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dc.contributor.authorMahony, A.
dc.contributor.authorBuultjens, A.
dc.contributor.authorBallard, S.
dc.contributor.authorGrabsch, E.
dc.contributor.authorXie, S.
dc.contributor.authorSeemann, T.
dc.contributor.authorStuart, R.
dc.contributor.authorKotsanas, D.
dc.contributor.authorCheng, A.
dc.contributor.authorHeffernan, H.
dc.contributor.authorRoberts, S.
dc.contributor.authorCoombs, Geoffrey
dc.contributor.authorBak, N.
dc.contributor.authorFerguson, J.
dc.contributor.authorCarter, G.
dc.contributor.authorHowden, B.
dc.contributor.authorStinear, T.
dc.contributor.authorJohnson, P.
dc.identifier.citationMahony, A. and Buultjens, A. and Ballard, S. and Grabsch, E. and Xie, S. and Seemann, T. and Stuart, R. et al. 2018. Vancomycin-resistant Enterococcus faecium sequence type 796 - rapid international dissemination of a new epidemic clone. Antimicrobial Resistance and Infection Control. 7 (1): Article ID 44.

Background: Vancomycin-resistant Enterococcus faecium (VRE) is a leading cause of hospital-acquired infections. New, presumably better-adapted strains of VRE appear unpredictably; it is uncertain how they spread despite improved infection control. We aimed to investigate the relatedness of a novel sequence type (ST) of vanB E. faecium - ST796 - very near its time of origin from hospitals in three Australian states and New Zealand. Methods: Following near-simultaneous outbreaks of ST796 in multiple institutions, we gathered then tested colonization and bloodstream infection isolates' antimicrobial resistance (AMR) phenotypes, and phylogenomic relationships using whole genome sequencing (WGS). Patient meta-data was explored to trace the spread of ST796. Results: A novel clone of vanB E. faecium (ST796) was first detected at one Australian hospital in late 2011, then in two New Zealand hospitals linked by inter-hospital transfers from separate Melbourne hospitals. ST796 also appeared in hospitals in South Australia and New South Wales and was responsible for at least one major colonization outbreak in a Neonatal Intensive Care Unit without identifiable links between centers. No exceptional AMR was detected in the isolates. While WGS analysis showed very limited diversity at the core genome, consistent with recent emergence of the clone, clustering by institution was observed. Conclusions: Evolution of new E. faecium clones, followed by recognized or unrecognized movement of colonized individuals then rapid intra-institutional cross-transmission best explain the multi-center, multistate and international outbreak we observed.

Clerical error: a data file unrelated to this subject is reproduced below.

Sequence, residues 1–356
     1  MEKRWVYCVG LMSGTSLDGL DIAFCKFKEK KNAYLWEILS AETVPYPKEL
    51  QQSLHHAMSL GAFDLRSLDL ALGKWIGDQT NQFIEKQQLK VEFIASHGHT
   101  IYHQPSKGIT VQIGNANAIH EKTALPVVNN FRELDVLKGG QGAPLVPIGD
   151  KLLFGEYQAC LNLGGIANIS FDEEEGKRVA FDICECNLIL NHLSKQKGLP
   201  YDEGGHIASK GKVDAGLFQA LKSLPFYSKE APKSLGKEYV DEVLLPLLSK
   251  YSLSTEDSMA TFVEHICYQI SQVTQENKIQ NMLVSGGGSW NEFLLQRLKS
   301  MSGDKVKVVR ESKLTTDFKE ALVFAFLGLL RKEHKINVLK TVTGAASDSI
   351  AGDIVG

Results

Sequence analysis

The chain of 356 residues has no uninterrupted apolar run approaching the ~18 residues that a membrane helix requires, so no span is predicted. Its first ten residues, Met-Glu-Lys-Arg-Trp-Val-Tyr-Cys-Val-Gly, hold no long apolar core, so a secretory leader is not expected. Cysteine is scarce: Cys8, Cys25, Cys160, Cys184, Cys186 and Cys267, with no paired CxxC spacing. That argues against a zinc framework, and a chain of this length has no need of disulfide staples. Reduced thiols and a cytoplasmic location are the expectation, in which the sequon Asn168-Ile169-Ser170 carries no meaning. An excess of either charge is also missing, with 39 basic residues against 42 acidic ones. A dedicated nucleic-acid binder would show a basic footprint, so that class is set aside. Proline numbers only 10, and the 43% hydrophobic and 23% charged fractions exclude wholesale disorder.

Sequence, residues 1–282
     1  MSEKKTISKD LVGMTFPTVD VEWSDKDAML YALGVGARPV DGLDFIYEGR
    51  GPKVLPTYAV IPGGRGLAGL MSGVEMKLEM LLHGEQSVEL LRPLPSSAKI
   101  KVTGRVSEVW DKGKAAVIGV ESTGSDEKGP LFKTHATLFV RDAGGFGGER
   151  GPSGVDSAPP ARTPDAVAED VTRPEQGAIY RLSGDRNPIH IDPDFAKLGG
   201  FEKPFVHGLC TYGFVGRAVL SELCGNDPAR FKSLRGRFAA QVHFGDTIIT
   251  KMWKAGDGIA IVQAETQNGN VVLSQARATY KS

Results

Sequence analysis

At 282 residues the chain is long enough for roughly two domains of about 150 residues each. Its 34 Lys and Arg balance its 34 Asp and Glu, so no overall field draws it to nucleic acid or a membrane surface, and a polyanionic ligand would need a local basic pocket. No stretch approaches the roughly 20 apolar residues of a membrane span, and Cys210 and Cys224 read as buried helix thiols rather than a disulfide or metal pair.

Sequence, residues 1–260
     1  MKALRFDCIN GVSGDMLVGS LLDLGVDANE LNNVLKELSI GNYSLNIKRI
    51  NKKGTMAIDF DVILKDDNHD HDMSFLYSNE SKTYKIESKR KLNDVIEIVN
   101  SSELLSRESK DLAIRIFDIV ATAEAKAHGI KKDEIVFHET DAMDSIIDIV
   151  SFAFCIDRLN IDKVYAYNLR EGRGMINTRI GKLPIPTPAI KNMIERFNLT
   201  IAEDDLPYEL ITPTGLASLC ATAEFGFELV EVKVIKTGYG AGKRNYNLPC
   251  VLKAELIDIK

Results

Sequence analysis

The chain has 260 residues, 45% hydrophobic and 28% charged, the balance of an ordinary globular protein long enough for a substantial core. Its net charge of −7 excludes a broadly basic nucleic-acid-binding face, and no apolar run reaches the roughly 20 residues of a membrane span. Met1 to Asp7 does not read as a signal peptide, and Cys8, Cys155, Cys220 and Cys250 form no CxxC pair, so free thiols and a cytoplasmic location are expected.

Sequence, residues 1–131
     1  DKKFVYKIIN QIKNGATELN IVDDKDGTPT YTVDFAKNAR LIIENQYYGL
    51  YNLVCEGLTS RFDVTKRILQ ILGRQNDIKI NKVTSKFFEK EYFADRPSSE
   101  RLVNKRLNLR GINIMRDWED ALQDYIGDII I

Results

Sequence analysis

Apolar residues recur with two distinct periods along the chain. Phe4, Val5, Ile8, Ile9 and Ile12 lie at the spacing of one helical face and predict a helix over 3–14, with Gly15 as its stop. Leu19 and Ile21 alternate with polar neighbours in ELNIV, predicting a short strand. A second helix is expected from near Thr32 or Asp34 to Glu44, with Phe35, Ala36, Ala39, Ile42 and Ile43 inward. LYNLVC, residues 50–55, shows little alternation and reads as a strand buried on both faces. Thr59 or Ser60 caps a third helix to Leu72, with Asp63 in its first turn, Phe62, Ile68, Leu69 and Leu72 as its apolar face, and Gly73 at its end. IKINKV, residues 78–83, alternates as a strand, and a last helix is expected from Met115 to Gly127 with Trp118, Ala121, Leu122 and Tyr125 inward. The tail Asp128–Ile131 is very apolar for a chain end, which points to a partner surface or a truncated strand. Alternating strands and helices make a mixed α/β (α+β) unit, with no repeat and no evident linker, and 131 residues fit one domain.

dc.publisherBioMed Central Ltd.
dc.titleVancomycin-resistant Enterococcus faecium sequence type 796 - rapid international dissemination of a new epidemic clone
dc.typeJournal Article
dcterms.source.titleAntimicrobial Resistance and Infection Control
curtin.departmentSchool of Pharmacy and Biomedical Sciences
curtin.accessStatusOpen access

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